Author: Adriana Trigiani
Provided Synopsis: In this luscious, contemporary family saga, the Angelini Shoe Company, makers of exquisite wedding shoes since 1903, is one of the last family-owned businesses in Greenwich Village. The company is on the verge of financial collapse. It falls to thirty-three-year-old Valentine Roncalli, the talented and determined apprentice to her grandmother, the master artisan Teodora Angelini, to bring the family’s old-world craftsmanship into the twenty-first century and save the company from ruin.
While juggling a budding romance with dashing chef Roman Falconi, her duty to her family, and a design challenge presented by a prestigious department store, Valentine returns to Italy with her grandmother to learn new techniques and seek one-of-a-kind materials for building a pair of glorious shoes to beat their rivals. There, in Tuscany, Naples, and on the Isle of Capri, a family secret is revealed as Valentine discovers her artistic voice and much more, turning her life and the family business upside down in ways she never expected. Very Valentine is a sumptuous treat, a journey of dreams fulfilled, a celebration of love and loss filled with Trigiani’s trademark heart and humor.
Review: Initially, I was caught off guard by this book. The previous Adriana Trigiani book that I read was set in a historical time period while this one is contemporary. In my opinion, Trigiani really excels as a storyteller when she writes in a past time period or takes her characters to Italy. It is through these mediums that she brings settings to life and fleshes out her characters. This novel did not achieve that high level of storytelling that I know she is capable of, but it was still good enough for me to keep reading.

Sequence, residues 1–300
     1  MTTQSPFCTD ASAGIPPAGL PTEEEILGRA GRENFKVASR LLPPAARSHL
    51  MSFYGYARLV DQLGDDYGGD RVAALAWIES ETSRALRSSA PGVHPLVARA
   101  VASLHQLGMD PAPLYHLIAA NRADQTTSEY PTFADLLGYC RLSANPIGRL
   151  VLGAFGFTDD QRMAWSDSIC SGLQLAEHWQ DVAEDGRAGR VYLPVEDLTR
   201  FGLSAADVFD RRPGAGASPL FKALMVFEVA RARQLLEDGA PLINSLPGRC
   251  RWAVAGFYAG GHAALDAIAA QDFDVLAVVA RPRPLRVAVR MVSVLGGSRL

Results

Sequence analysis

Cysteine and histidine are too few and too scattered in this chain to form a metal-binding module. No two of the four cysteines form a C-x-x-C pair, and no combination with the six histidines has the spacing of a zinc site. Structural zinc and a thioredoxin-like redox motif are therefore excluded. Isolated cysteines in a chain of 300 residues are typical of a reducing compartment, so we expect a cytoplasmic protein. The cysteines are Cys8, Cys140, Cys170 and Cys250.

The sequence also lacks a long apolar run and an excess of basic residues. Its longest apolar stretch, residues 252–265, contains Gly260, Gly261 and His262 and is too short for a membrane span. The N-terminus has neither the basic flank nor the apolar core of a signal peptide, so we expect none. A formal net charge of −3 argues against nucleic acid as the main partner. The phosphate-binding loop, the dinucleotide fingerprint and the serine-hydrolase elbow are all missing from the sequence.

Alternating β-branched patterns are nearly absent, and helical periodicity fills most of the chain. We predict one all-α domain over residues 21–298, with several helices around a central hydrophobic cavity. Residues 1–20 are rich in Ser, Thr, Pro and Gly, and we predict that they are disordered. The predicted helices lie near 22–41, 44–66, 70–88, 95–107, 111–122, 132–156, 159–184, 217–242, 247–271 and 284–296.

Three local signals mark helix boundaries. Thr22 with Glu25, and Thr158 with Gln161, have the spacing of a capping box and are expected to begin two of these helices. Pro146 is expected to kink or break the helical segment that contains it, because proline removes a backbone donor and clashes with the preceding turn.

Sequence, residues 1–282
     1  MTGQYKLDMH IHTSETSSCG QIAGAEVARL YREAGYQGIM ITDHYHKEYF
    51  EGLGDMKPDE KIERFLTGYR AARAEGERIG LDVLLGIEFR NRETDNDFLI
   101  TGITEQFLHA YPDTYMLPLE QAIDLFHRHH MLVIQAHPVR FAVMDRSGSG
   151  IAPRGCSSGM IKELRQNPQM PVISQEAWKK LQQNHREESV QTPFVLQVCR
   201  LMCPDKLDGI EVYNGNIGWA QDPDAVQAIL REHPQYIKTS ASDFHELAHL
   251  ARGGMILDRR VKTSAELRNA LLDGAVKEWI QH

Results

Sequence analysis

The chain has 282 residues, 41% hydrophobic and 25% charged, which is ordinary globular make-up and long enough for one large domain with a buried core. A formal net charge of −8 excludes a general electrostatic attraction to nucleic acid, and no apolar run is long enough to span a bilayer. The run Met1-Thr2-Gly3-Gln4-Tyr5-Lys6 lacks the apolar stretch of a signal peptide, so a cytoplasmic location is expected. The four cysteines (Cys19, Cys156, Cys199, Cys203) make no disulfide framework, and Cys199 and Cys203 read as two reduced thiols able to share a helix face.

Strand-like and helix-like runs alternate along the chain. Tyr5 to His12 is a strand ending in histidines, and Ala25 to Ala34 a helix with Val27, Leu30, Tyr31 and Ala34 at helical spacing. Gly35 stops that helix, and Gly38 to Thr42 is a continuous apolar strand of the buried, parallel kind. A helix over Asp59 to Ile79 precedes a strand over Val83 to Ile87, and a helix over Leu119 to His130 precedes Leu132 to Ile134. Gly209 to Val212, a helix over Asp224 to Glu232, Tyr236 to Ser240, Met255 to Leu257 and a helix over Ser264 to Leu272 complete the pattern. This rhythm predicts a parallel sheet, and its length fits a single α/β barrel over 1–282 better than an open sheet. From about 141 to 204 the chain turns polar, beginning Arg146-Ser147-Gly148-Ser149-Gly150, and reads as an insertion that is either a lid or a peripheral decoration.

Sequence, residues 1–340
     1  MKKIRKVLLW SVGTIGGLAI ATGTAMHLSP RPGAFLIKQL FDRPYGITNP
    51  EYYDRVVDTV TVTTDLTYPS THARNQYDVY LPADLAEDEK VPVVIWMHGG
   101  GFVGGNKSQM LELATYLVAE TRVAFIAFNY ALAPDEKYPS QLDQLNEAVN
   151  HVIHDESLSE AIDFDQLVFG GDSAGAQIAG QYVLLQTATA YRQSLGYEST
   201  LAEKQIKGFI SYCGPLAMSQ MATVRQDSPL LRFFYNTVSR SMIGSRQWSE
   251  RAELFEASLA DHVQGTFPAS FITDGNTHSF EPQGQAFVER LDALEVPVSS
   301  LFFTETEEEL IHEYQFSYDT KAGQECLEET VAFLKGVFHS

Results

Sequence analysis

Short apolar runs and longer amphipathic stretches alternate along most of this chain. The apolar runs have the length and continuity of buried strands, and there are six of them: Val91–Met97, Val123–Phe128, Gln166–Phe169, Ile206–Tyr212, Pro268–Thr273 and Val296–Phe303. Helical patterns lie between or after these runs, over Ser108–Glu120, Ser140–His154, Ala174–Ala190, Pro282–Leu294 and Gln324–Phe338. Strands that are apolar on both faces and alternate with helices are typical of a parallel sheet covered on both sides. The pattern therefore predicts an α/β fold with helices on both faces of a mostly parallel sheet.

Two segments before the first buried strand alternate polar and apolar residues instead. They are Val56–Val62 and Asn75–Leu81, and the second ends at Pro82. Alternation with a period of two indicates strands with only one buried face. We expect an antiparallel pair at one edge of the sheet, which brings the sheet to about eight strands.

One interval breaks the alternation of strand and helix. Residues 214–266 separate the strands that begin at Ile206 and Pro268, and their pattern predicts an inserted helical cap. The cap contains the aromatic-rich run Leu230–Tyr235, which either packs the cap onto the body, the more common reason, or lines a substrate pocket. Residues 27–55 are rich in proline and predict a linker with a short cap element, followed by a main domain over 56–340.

Valentine is a thirty-year-old Italian woman living in New York City. Five years ago she left her teaching job and a relationship to follow her passion: she decided to become an apprentice shoemaker in her grandmother’s shop. Since 1903 the Angelini Shoe Company has crafted custom wedding shoes. Times have changed, however, now that manufactured shoes are more practical to buy than custom ones. The shop is in financial trouble, her grandmother is not getting any younger, and something needs to change.
When we meet Valentine she is a woman that is trying to keep it together, but is still somewhat of a mess. She does not know what she truly wants. She has a passion, but can passion support you once the bills continue to pile in? Furthermore, where can passion in a relationship take her when her career will always come first?
Once Valentine heads to Italy with her grandmother the most fascinating character development occurs. She achieves a freedom and ability to learn about herself and what she wants to do. Through disappointment, contemplation, observation of others, the realization of the truth about relationships and how she behaves in them, along with a master course from a shoemaker in Capri, she learns lessons about life, love, family, career, and her art. I will take so many of the beautiful and poignant passages that Trigiani wrote in this section of the book with me for the rest of my life. This is where the book really came to life.